Ephraim P. Engleman, MD, has spent his career drawing attention to the field of rheumatology. Widely regarded as one of the founders of the modern practice of rheumatology, this 98-year-old director of the Rosalind Russell Medical Research Center for Arthritis at the University of California, San Francisco (UCSF), is still working hard at promoting the field.
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Explore This IssueDecember 2009
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Among his many accomplishments, Dr. Engleman was intricately involved in creating the ACR Research and Education Foundation (REF) Resident Research Preceptorship, which introduces residents in medicine to the specialty of rheumatology by supporting a three-month, full-time research experience in rheumatology under the mentorship of caliber preceptors.
It was concern over the diminishing number of talented young professionals entering the field of rheumatology that sparked Dr. Engleman and Arthur Weiss, MD, PhD, chief of the division of rheumatology at UCSF, to start a preceptorship program. “I think we’ve all recognized that this decreasing manpower situation can be critical,” Dr. Engleman says.
He credits Lee Goldman, MD, former chairman of medicine at UCSF and current executive vice president for health and biomedical sciences and dean of the faculties of health sciences and medicine at Columbia University Medical Center in New York, for allowing the preceptorship to come into existence. “Art and I met with Lee and discussed the possibility of attracting residents in medicine into Art’s lab. We wanted to get residents as early in their career as possible to influence them early on. Lee was very cooperative because it meant taking a talented resident out of his program and putting him or her into Art’s research laboratory. It was very successful, and we did indeed attract a resident into three months of research. He later became a research fellow of our division. And then we got another one. It worked out so well that it occurred to me that, gee, this would be a nice thing to try on a more widespread basis,” says Dr. Engleman.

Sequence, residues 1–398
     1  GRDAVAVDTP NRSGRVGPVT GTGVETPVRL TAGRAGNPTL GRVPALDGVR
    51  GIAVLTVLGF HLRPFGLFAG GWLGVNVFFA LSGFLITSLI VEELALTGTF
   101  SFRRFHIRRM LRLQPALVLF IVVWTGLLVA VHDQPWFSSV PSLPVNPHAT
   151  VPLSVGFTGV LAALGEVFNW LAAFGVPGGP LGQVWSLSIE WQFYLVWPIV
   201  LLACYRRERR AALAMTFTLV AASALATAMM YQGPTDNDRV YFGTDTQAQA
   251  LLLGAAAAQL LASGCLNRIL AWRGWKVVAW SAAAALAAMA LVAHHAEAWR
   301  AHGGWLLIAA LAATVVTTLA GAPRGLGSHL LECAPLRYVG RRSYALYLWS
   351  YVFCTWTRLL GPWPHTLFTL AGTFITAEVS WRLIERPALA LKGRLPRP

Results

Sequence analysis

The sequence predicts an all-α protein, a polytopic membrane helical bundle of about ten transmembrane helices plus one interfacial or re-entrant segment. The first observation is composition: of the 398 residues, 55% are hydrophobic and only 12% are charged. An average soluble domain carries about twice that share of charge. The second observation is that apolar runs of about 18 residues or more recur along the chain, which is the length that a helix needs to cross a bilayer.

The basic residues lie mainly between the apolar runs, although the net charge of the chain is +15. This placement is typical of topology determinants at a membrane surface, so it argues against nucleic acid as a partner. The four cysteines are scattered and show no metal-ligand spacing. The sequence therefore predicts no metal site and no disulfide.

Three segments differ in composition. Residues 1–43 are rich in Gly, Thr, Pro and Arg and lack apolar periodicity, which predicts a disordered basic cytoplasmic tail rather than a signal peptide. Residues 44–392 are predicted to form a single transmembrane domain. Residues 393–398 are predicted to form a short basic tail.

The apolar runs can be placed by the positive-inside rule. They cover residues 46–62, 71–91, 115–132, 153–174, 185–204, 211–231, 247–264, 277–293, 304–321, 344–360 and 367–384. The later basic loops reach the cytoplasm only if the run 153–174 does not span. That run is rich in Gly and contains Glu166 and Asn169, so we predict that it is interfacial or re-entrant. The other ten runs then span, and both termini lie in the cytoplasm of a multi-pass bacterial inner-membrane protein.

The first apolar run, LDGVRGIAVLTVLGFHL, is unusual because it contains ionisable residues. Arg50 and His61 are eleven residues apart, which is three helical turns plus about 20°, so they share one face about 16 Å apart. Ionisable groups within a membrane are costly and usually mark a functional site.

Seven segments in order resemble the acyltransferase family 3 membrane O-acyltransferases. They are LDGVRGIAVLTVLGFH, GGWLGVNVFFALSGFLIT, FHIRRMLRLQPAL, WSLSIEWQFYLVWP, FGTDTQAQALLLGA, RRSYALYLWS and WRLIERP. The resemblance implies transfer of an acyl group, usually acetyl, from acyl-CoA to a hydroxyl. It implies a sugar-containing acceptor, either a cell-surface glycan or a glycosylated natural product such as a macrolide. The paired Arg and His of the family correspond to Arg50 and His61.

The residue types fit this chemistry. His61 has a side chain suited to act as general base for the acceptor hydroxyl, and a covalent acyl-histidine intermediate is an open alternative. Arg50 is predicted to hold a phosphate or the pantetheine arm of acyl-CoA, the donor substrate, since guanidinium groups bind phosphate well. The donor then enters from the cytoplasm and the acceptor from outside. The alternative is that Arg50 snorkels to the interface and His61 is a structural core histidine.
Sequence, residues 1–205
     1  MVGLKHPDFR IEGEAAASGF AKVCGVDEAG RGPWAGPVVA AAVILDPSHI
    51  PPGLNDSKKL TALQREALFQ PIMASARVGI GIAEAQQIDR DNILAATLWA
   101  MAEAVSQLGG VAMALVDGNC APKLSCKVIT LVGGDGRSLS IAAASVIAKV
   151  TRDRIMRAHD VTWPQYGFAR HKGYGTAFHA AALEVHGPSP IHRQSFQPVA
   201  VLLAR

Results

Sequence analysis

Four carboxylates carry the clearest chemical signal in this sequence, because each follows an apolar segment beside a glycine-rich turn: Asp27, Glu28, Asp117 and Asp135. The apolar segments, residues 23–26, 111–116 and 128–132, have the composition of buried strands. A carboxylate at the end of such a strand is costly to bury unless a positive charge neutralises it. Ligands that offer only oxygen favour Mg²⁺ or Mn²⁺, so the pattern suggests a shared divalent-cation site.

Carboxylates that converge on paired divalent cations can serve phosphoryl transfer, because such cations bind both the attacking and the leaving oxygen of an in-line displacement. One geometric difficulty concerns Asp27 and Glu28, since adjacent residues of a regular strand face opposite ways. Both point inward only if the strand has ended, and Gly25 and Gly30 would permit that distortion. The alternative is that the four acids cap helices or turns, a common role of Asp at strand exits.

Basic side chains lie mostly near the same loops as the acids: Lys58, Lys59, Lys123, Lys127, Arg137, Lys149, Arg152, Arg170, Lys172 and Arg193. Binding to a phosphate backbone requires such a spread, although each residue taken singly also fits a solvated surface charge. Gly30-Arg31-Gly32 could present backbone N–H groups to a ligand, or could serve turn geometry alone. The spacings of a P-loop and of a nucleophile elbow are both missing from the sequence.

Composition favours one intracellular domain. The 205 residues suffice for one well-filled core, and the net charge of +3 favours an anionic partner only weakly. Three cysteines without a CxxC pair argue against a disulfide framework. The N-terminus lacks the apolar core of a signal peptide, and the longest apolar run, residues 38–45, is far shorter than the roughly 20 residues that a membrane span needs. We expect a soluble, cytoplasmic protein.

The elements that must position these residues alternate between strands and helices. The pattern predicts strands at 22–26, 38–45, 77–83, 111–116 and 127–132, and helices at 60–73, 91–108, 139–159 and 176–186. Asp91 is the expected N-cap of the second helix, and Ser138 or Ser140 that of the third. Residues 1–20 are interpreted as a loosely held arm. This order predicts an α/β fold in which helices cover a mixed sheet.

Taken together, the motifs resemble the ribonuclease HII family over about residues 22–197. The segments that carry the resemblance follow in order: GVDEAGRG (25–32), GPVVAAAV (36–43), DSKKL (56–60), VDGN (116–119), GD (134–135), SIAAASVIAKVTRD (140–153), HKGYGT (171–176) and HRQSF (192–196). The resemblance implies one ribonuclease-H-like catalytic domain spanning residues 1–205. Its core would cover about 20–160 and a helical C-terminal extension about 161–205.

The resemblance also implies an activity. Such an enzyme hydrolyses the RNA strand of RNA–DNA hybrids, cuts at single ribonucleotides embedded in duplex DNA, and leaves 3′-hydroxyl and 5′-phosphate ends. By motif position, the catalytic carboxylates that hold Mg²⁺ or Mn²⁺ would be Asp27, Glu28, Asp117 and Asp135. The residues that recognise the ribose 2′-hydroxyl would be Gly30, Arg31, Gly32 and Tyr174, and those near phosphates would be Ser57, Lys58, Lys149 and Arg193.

And so, in 2005 he reached out to the ACR Research and Education Foundation to create the award.
Dr. Engleman provided the funds to cover the original award for several years. Now, five years after the first preceptee was awarded, he has decided to endow the award, which has been renamed the Ephraim P. Engleman Resident Research Preceptorship, ensuring that it will be funded in perpetuity. “It’s encouraging that the preceptorship appears to be successful, thus justifying the program on a permanent basis,” he explains with excitement.